In today’s Bible passage, prophet Micah challenges us to stop and ‘remember the journey from Shittim to Gilgal’. There the Israelites were really thankful to God. Now, what is thankfulness? I want to define it with 3 key words.

1) First, ‘being thankful is your choice’. A popular and influential travel writer in Korea, Biyah Han, had given up going to college because of financial difficulties after her father’s death. But when she went to meet her boyfriend’s family, the first question his mother asked her was, “Which college are you attending?” She had to answer “no” to that. Then, she got words from his mother urging her to break up with him as they were not compatible because of the educational disparity. She could have been crushed by this, but she remembers that this episode pushed her to pursue college education with more determination. You can be thankful for a most humiliating incident that challenges you.
The well-known evangelical pastor and Bible teacher Rev. Charles Swindoll said, “10% of any problem is objective facts, and the rest, 90% of it, is subject to our choices”. Being thankful is our choice. Even though things were not going well during the past year, we are thankful to God, remembering His help in difficult circumstances.

2) Second, ‘thankfulness can be taught’. Our lives are a continuation of problems. Despite of all these problems, we can be thankful, because we have learned to be thankful.

If you are enrolled in ‘the school of wilderness (school of hard knocks)’, instead of complaining, try to have a meeting with the principal of that school, God, and learn from Him. Apostle Paul said he had learned to be content whatever the circumstances. At first, it may be difficult for you to be thankful, but soon you begin to build the muscle of thankfulness with training and then you will become genuinely thankful.

Do you think you have graduated from this ‘school of hard knocks’? No, all your life you have to go through training sessions to be strengthened and to prevent any injury.

3) Third, ‘thankfulness is a power’. Even when the circumstances don’t change, choosing to be thankful will give you a power, and that is the great mystery and secret.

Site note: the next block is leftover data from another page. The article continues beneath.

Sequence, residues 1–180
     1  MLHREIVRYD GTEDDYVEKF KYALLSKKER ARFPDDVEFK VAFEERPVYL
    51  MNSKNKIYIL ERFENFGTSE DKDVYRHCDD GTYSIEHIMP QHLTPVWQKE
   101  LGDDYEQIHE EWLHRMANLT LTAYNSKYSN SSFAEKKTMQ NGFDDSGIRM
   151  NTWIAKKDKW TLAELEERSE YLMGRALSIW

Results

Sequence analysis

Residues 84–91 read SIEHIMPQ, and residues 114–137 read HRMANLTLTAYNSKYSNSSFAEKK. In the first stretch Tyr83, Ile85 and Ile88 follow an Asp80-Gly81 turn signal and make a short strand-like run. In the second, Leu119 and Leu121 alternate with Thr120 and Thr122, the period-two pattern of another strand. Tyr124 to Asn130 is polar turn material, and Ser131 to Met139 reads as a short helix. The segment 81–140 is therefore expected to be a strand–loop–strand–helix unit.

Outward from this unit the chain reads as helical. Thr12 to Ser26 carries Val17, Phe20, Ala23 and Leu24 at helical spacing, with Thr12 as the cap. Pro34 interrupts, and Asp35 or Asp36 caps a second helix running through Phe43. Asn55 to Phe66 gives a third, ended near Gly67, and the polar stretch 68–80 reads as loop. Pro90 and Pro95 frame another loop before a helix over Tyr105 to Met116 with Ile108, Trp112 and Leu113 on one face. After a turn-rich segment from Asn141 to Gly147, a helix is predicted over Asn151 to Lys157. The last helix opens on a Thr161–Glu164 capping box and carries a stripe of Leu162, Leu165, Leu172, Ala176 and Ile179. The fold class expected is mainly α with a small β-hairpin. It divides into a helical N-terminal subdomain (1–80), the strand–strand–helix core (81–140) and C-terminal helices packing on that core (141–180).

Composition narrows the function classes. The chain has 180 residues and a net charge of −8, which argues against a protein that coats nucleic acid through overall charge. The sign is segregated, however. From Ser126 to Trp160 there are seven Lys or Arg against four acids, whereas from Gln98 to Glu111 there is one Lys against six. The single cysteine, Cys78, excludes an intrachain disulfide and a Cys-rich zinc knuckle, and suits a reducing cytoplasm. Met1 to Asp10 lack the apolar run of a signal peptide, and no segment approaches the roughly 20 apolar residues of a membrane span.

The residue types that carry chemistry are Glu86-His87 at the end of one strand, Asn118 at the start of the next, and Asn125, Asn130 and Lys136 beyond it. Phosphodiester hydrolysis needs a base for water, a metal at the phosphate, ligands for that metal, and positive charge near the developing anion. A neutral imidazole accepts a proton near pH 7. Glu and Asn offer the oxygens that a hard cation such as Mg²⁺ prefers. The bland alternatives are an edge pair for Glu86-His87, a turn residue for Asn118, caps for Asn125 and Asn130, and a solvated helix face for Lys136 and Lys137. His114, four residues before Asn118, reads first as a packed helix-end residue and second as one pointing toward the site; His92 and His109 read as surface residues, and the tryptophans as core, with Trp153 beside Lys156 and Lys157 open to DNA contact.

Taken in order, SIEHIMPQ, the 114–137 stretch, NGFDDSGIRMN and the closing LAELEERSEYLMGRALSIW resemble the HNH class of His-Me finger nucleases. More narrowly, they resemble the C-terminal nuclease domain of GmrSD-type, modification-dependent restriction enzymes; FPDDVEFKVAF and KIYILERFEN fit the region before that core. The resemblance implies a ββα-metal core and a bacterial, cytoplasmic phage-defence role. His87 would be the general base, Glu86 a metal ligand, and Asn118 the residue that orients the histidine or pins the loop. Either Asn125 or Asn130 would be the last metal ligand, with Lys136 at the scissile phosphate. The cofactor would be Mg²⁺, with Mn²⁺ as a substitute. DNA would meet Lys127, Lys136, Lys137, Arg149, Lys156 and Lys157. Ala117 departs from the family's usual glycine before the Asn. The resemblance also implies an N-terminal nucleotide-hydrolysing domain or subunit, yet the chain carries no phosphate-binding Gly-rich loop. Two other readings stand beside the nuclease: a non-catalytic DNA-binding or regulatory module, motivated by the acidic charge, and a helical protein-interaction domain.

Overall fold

Yesterday afternoon while preparing for this sermon, I was suddenly reminded of my first pioneer church. I had a very difficult time with another church down the road. I visited that church to say hello, and the pastor was insisting that Methodists were heretical sect and that missionary Underwood only had brought the Presbyterian Church into Korea 100 years ago, and there was no missionary Appenzeller with the Methodist Church in Korea at all. At first, I was trying to change his views, but once I accepted the challenge of proving him wrong, I was able to work tirelessly for that pioneer church all the time, and I am grateful for that passion.

My congregation was mostly consisted of grandparents and young children. I had to work really hard to keep the older folks from falling asleep during my sermons. I became closer to them because of the funerals and burials I personally had to manage, and learned a lot from them. There were many accidents. I got burned on my face and hand with the butane gas explosion. My head and nose were hurt with a motorcycle accident. Our new church van almost killed me with a serious accident. Some crazy people came every day to threaten me. In the midst of all, our baby son had to go to hospital every day for 3 years. When I announced the plan for a new church building, the village people were dead against it and tried to prevent the construction in various ways.

I was still feeling thankful despite of all these obstacles, and God gave me the power. Now, those times are remembered with happy and fond memories. I was so close to God, while living in a tiny room with my family and constantly worrying about the carbon monoxide poisoning.

I want to introduce a man of our times, Nick Vujicic, by showing a video of him, with the title of “I am happy when things are tough”. (3 minutes &10 seconds duration)

Now you have seen that Nick was born with no arms and no legs. He had wanted to kill himself when he was 8 years old, but has overcome life’s challenges through strength and hope found in Jesus Christ, and with the help from his family and friends.

Once more I want to emphasize, remember our Almighty God!

Let us sing this hymn, “Thanks, Lord, for saving me”


총 게시물 664건, 최근 0 건
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처음  이전  31  32  33  34  35  36  37  38  39  40  다음  맨끝

제목 : A beam of light filled with hope
설교일 : 2020.05.24
본문말씀 : 1 Samuel 14:6-15
설교자 : Rev. Eungyong Kim